Dementia: Understanding The 7 Stages Of This Neurodegenerative Disorder
According to WHO, dementia is one of the major causes of disability and dependency among older people worldwide. Someone suffering from dementia goes through different stages. Here are all the details about the 7 stages of dementia.
Someone with dementia may forget things quite often
- Dementia leads to memory loss which worsens with time
- Symptoms of dementia can affect day to day functioning of the patient
- Dementia symptoms can be divided into 7 stages
Dementia describes a group of symptoms that affect memory, thinking and social abilities. It progresses with time and become worse. These symptoms affect day to day functioning of the patient. This condition occurs due to physical changes in the brain. According to WHO, dementia is one of the major causes of disability and dependency among older people worldwide. There is often a lack of awareness and understanding of dementia, resulting in stigmatization and barriers to diagnosis and care. The impact of dementia on carers, family and society at large can be physical, psychological, social and economic. Worldwide around 50 million people have dementia. Every year, there are nearly 10 million new cases. The estimated proportion of the general population aged 60 and over with dementia at a given time is between 5-8%. The total number of people with dementia is projected to reach 82 million in 2030 and 152 in 2050.
Stages of dementia
Doctors conduct a series of tests to diagnose this condition. Someone suffering from dementia goes through different stages. The severity of the symptoms are divided into 7 stages. But in some cases, these may vary depending on the area affected by the condition. Here are the 7 stages of dementia you need to know-
1. Stage 1: No Cognitive Decline
At this stage, a person will not show any symptoms. There is no impairment and mental function is normal. It can be hard to notice the symptoms of this disease but tests may reveal a problem.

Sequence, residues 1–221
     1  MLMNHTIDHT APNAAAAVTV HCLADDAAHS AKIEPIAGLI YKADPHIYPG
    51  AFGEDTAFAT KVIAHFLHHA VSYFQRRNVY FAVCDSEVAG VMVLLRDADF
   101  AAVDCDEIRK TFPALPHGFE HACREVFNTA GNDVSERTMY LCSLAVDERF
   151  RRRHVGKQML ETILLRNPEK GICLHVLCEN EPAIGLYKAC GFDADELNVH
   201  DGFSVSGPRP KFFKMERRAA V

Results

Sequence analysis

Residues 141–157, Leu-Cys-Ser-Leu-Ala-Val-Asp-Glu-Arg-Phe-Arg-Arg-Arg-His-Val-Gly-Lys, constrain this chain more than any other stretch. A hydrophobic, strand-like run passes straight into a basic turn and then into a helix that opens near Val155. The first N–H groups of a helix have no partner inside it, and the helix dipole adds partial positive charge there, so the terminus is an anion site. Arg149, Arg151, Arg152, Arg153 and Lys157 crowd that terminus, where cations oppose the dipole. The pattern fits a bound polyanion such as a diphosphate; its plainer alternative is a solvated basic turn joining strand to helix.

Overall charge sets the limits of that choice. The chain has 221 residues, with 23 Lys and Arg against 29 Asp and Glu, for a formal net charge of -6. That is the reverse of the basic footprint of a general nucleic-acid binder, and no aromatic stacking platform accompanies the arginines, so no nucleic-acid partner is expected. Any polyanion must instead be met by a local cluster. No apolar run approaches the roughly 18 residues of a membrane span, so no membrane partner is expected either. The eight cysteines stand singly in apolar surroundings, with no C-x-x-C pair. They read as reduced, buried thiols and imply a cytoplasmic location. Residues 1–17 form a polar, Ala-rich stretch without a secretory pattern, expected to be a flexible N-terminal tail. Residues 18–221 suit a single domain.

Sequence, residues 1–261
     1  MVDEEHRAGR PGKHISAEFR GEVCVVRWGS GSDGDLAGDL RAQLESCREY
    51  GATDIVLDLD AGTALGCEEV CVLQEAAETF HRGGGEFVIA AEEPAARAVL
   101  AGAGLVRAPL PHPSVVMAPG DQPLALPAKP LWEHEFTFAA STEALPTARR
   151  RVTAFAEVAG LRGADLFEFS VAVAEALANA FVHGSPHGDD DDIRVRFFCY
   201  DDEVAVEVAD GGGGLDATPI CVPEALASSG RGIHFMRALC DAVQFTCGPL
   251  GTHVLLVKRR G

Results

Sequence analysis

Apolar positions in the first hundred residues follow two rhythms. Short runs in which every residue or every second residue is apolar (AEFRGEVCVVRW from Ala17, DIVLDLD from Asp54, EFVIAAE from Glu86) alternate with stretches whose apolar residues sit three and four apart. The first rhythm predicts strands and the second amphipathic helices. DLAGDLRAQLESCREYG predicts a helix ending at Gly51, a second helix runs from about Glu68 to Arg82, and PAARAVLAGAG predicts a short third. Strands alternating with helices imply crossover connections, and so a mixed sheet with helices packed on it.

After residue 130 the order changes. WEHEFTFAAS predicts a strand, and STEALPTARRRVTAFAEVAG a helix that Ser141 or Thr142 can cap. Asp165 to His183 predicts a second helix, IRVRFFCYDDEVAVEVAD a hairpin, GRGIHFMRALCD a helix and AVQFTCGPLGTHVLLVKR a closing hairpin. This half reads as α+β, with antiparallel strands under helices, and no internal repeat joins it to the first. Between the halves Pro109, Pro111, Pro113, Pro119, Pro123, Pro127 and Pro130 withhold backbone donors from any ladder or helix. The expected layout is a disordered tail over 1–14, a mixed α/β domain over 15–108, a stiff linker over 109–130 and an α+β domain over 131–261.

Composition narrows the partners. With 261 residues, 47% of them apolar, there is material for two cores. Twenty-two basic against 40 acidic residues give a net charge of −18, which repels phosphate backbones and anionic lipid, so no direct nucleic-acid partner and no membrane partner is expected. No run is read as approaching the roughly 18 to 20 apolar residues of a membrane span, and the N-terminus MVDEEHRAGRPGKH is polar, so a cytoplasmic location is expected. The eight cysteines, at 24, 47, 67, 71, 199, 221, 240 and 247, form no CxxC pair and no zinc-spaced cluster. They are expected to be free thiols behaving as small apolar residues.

2. Stage 2: Mild Decline
This stage involves very mild symptoms which are usually mistaken to be normal or as an effect of ageing. For example- forgetting names of places, placement of objects or forgetting phrases. These symptoms are not evident to their loved ones.
3. Stage 3: Mild Cognitive Decline
The symptoms of the previous stage become worse. You may notice changes in thinking and reasoning abilities. Symptoms at this stage become quite noticeable. A person may find difficulty in concentrating and finding the right words. At this time it may cause difficulty in recalling recent events.
4. Stage 4: Moderate Cognitive Decline
At this stage, someone with dementia may face difficulty in handling money and travelling to places. Making plans also becomes a difficult task.
5. Stage 5: Moderately severe decline
At this stage, the patient requires assistance to complete day to day tasks. He/she may forget minor details like phone numbers, address or names of children/ grandchildren. Picking out clothes to wear also requires assistance.
6. Stage 6: Severe Cognitive Decline (Middle Dementia)
This stage causes symptoms like forgetting names of spouses or major evens of life, difficulty in speaking, changes in personality or emotions or anxiety. A person may require assistance in day to day tasks like going to the restroom or while eating.
7. Stage 7: Very Severe Cognitive Decline (Late Dementia)
At this stage, someone with dementia spends most of the time in bed and cannot walk. He/she is not able to speak thoughts.
Early diagnosis helps an individual get access to treatment on time.
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